The Menlo Roundtable

Design and Engineering of an Autonomous Line-Following Pacer

For those who run races, the seconds between running too fast and running too slow are a daily struggle in practice, and are even more important in competitions.

But while every other aspect of the sport, from the rubber of the tracks to the carbon fiber in 3D-printed shoes, has been updated with modern technology, athletes must still rely on a ’gut and feel’ approach to pacing. The goal of this project is to provide a reliable, mechanical alternative to a human pacer. This pacer is a line-following robot, specifically targeting the lane lines of a track. It would be able to keep a constant pace, and would be able to accurately follow the curve of the track.

Line following has become a standard challenge in robotics, with several organized competitions dating back to the early 2000s. Competitors are judged for their accuracy in following the course, as well as the speed of their run. The pacer in this project would not need to perform at this level, as line following competitions often ask robots to navigate pseudo-random paths with sharp turns. This pacer would only have to navigate the smooth oval turns found on a track.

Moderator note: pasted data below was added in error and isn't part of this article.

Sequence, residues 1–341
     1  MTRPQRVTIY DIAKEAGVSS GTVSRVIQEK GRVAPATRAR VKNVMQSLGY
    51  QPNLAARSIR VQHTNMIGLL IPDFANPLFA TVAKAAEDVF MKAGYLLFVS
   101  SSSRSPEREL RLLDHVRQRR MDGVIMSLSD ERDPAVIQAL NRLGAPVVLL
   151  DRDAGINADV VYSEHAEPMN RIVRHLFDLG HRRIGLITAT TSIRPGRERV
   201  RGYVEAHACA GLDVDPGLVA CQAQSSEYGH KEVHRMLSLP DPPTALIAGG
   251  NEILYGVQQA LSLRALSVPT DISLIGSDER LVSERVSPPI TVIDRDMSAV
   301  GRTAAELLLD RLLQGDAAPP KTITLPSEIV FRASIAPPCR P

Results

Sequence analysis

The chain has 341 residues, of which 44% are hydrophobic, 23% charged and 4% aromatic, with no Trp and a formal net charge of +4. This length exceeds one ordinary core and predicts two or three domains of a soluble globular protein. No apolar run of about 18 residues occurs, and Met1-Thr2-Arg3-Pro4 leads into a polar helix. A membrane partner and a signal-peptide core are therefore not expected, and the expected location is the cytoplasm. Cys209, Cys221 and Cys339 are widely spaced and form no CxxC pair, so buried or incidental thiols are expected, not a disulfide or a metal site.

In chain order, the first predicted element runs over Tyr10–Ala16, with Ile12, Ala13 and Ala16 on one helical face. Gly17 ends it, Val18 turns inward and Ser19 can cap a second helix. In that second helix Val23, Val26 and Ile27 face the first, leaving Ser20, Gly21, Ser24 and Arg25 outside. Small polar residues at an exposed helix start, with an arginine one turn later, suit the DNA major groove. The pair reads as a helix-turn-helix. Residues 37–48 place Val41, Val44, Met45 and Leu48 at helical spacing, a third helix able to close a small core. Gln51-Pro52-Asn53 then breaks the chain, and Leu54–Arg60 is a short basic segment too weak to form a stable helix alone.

Line followers also have very practical industry applications. For one example, a line following technology could replace traditional conveyor belts in a warehouse system, similar to Amazon’s autonomous system. Additionally, the technology has obvious applications towards autonomous vehicles, although clearly a car that drives over the center line would not be ideal. Nevertheless, a successful line-follower would provide valuable insight into how to program a self-driving car. Line followers could also be used in much less dynamic situations, such as a personal home assistant, helping elderly or disabled residents move around their home in much the same way as a stair lift does today.